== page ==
John Lewis, ‘The Conscious of Congress’, grew up in segregated Alabama, toiled as a youth picking cotton, and experienced firsthand the injustices of racism; yet his inimitable humanity, capacity for love, and bravery triumphed.


John Lewis was born the son of a sharecropper into a family of ten. He graduated from the American Baptist Theological Seminary and was ordained a minister after working as a janitor and dishwasher to pay for his education.  At age 21, he was one of the first 13 Freedom Riders, a mix of white and black young people who peacefully rode public transportation from Washington, D.C. to New Orleans in an effort to pressure the U.S. government to enforce the Supreme Court decision that segregated interstate travel was unconstitutional.  During the trip, Lewis, along with the other riders were spat upon, beaten, and arrested, yet Lewis, insisted that the group remain peaceful.  As Lewis later told a reporter:






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“ We role played.  We acted out what we should do in each scenario: if we were beaten, jailed, or worse. I reminded everyone that we should look at our oppressors and see them as they were when they were young and innocent. To try to understand them as victims of their rage.  We locked eyes with the enemy. We showed them that we were human and kindred.”


During his life, John Lewis would be arrested as part of peaceful demonstrations more than 40 times. In 1986 he was elected to Congress and served from 1987 to his death in July 2020 of pancreatic cancer.


Understood The Value Of Love


At a young age, Lewis’ humanity and capacity for love were evinced by his strong affinity for his family’s flock of chickens. As Lewis recounted:


“We had many chickens growing up and I loved them. I would preach to them and give them care. Watching the chickens gave me a chance to see and understand individual behavior and to be self-reflective.  I believed that chickens had souls and as their preacher, I was responsible for their safety and salvation.  I even used to baptize them and give them funerals.  

Once my mother killed one of the chickens for us to eat.  I was so upset that I refused to eat dinner that night and I didn’t talk to either of my parents for three days. You could say it was my first peaceful protest.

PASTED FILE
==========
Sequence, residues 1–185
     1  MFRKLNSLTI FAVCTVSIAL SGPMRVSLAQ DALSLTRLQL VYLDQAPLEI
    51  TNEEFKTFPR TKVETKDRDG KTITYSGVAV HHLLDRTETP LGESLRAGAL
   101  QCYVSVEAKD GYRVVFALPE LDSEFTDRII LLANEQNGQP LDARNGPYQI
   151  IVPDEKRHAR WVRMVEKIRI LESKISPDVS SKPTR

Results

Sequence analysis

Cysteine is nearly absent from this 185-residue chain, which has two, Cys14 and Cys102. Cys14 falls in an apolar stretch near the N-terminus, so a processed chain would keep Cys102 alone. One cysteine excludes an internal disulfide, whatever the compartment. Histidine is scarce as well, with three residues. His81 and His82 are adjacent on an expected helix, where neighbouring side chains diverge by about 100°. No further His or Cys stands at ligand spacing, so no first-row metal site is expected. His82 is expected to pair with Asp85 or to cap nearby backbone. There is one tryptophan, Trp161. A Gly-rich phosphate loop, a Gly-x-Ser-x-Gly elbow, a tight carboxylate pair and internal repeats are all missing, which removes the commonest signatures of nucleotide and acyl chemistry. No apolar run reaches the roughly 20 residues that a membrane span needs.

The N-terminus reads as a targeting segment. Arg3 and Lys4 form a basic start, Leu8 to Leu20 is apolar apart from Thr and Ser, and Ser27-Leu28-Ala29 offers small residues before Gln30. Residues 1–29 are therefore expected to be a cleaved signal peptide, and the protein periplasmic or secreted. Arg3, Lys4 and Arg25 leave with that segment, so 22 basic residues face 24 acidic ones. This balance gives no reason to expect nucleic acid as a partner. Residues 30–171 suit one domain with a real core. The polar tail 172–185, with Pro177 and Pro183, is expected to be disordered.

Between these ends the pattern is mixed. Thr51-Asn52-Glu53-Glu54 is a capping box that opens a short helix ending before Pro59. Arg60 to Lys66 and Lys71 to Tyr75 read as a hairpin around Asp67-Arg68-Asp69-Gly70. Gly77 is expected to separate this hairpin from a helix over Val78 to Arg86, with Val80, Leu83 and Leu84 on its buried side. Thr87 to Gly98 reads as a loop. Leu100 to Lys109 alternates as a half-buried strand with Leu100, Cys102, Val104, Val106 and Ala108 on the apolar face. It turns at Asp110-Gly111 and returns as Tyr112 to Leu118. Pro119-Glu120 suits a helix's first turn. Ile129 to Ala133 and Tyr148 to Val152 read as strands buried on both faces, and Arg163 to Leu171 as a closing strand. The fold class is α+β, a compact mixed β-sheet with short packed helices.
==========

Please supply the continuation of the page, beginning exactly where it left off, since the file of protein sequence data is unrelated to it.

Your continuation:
It was a youthful understanding of things, this affection that I had for our flock, but it was the start of my capacity to see outside of myself and into the lives of others.  It was the start of my journey to understanding the value of love and that love is strong, brave, and indefatigable.”


Throughout his career, Lewis was not afraid to praise the value of love and to champion it as one of mankind’s most valuable assets.

Cued up to Lewis recounting segregated Alabama, his decision to make ‘good trouble’, and the value of love.


An Original Thinker


When listening to recordings of John Lewis, one never gets the sense that he is regurgitating bible verses, political platforms, or popular messaging of the day.  His interviews and speeches are reflections of his observations and of the lessons he learned living his life and acting on his beliefs.  In 1963, at only the age of 23, Lewis spoke at the historic March on Washington and outlined one of the most progressive strategies of the day for moving equal rights forward.  Understanding the value of raw, youthful drive and insight he later said, “I want to see young people in America feel the spirit of the 1960s and find a way to get in the way. To find a way to get in trouble. Good trouble, necessary trouble.”

John Lewis reflects on his past during a trip to an Atlanta museum.


Never Let Go Of His Vision


You often hear politicians exhorting us to have faith in God, but Lewis encouraged us have faith in a future we choose to move towards and to build together.  It is one of the big reasons why he was able to endure the brutal beatings and jail time that he suffered as a peaceful demonstrator. It also enabled him to see his opponents through a lens of compassion and understanding, a skill that was critical to his success as a mediator, politician, and social bridge-builder.


Lewis will be laid in state in front of the U.S Capital this week.  Regardless of your political or religious beliefs, we encourage you to meditate on the life of a man who was innately compassionate, original, reflective, and proactive in making the world a better place.

Never afraid to be himself, to show he loved, or to pursue happiness for all of us. RIP Congressman.  Your work and your dreams live on!

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